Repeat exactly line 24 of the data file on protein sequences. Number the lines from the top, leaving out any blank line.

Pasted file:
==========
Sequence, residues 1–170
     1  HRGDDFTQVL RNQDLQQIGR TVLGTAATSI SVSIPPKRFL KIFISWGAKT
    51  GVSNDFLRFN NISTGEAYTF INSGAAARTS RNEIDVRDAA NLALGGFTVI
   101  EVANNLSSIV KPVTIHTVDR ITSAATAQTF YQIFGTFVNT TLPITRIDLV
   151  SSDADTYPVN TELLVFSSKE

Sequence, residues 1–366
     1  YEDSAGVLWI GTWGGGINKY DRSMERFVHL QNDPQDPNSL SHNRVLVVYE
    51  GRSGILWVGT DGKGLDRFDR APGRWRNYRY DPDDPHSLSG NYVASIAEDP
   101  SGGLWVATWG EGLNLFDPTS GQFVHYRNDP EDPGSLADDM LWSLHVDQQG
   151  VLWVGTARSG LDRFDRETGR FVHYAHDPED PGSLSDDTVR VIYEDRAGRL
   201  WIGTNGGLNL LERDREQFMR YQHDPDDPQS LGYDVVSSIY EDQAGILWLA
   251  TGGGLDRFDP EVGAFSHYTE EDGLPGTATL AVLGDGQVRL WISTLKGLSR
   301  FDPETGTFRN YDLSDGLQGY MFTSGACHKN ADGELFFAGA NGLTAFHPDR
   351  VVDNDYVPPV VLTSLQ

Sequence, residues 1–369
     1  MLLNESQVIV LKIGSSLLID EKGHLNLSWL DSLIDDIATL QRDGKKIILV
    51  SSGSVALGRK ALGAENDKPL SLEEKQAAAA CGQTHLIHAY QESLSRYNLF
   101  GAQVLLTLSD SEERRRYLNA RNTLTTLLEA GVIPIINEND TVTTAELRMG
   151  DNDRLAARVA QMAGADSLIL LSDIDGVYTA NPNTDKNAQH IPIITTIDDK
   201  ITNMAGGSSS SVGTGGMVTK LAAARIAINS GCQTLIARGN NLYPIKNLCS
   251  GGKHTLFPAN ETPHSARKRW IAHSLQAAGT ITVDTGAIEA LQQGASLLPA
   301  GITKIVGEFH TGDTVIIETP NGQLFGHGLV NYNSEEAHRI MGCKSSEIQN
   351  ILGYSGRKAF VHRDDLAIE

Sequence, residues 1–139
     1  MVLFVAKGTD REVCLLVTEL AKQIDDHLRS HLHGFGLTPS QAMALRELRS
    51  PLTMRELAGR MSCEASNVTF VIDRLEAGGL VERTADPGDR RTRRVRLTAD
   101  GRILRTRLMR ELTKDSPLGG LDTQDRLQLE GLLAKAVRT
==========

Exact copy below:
Sequence, residues 1–139